Greece - EU

Eurozone could add trillions to budget rescue fund

Reuters/Remote/Pawel Kopczynski

The European Union is looking at a possible quadrupling of its rescue fund, the European Financal Stability Facility, EFSF, to solve the eurozone’s financial problems. The fund, which currently stands at 440 billion euros, could be boosted to more than two trillion euros. 

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The reported increase comes ahead of a crucial week for the eurozone as the International Monetary Fund and the European Union are set to decide whether to release the next slice of rescue funds of eight billion euros for Greece since a first payout in May last year. Without this money, Greece will be unable to pay its current bills from around the middle of October.

Greek Finance Minister Evangelos Venizelos said in Washington on Sunday that Athens would introduce new measures to fight the debt crisis and the risk it could spread to Italy and Spain.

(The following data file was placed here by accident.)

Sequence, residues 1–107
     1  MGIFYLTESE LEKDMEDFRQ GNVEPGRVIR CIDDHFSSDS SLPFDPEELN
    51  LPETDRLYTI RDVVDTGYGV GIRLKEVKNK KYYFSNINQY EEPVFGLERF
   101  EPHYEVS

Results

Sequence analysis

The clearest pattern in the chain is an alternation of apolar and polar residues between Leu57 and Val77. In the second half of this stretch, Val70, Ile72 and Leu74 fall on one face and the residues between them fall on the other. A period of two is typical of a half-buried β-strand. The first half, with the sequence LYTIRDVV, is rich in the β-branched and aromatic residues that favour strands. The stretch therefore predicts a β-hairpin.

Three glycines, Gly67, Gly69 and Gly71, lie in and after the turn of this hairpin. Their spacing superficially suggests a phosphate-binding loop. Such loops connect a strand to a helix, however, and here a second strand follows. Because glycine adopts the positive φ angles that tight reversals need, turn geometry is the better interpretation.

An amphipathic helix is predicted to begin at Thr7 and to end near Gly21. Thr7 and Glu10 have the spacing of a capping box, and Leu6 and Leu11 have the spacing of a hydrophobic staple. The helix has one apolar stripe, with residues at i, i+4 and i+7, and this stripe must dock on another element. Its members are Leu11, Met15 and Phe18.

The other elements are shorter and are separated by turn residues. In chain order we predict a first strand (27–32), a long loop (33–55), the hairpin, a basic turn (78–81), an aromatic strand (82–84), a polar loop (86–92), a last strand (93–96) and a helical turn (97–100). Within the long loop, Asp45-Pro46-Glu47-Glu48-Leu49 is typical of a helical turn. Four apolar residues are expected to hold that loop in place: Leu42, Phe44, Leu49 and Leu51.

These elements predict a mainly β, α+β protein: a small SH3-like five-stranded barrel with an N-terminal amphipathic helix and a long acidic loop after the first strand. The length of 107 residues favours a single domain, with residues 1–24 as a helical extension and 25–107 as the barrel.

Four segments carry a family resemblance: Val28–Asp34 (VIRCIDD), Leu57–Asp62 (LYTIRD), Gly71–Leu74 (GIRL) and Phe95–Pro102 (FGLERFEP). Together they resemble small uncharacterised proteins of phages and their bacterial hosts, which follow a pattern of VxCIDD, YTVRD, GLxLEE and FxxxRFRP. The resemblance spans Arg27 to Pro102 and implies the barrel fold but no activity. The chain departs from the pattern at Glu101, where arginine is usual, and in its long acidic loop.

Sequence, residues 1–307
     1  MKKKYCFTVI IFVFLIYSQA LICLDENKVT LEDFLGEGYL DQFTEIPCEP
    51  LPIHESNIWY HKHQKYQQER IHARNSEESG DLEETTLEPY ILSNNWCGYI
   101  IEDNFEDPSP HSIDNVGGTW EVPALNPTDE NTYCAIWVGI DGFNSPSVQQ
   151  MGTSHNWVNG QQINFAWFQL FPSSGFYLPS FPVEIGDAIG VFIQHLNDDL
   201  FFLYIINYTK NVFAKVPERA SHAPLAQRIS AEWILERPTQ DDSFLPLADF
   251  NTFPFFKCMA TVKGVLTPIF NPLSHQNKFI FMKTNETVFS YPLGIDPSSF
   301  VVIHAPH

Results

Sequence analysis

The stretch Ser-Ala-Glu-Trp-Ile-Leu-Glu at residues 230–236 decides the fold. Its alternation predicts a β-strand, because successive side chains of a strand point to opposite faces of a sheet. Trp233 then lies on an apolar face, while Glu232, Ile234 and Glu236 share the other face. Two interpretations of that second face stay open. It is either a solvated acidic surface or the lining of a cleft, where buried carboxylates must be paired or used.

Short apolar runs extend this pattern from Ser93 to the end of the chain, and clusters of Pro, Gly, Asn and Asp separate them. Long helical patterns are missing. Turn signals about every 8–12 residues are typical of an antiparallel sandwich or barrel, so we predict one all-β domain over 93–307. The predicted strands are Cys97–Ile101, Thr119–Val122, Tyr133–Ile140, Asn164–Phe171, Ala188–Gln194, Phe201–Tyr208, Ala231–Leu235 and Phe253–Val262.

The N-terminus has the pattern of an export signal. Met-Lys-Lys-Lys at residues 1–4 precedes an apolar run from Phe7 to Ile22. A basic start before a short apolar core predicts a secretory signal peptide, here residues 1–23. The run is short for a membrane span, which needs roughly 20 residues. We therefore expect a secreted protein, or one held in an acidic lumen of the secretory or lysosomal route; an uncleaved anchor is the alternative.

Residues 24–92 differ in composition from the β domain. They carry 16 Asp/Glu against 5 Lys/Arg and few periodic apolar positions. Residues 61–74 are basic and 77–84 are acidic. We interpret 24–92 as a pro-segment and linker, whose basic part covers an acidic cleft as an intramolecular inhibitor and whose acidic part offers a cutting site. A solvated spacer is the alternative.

A senior official said on Monday that the government could announce a number of privatisations including a concession for a gaming monopoly and the sale of licenses for video lotteries.

The debt-laden Socialist government has pledged to privatise and lease the equivalent of 50 billion euros in state companies and property by 2015. But the programme has been thrown into doubt by the government’s poor track record after months of promises.

Dossier: Eurozone in crisis

Many financial markets suffered heavy losses last week as analysts complained that mixed messages and lack of clarity from the Group of 20 leading economies fuelled concern that another global financial crisis is looming.

But European shares rebounded on Monday amid intense speculation over a banking recapitalisation plan and an orderly Greek default, although the euro came under further pressure from the debt crisis.

In late morning trading, the London stock market added 0.42 per cent, Paris advanced 1.84 per cent and Frankfurt jumped 2.09 per cent. Italian and Spanish shares rose by about 3.0 per cent.

But the euro sank to 1.33 dollars, hitting the lowest point since January in early morning London deals, and hit another ten-year low at 101.94 yen in Asian trade.
 

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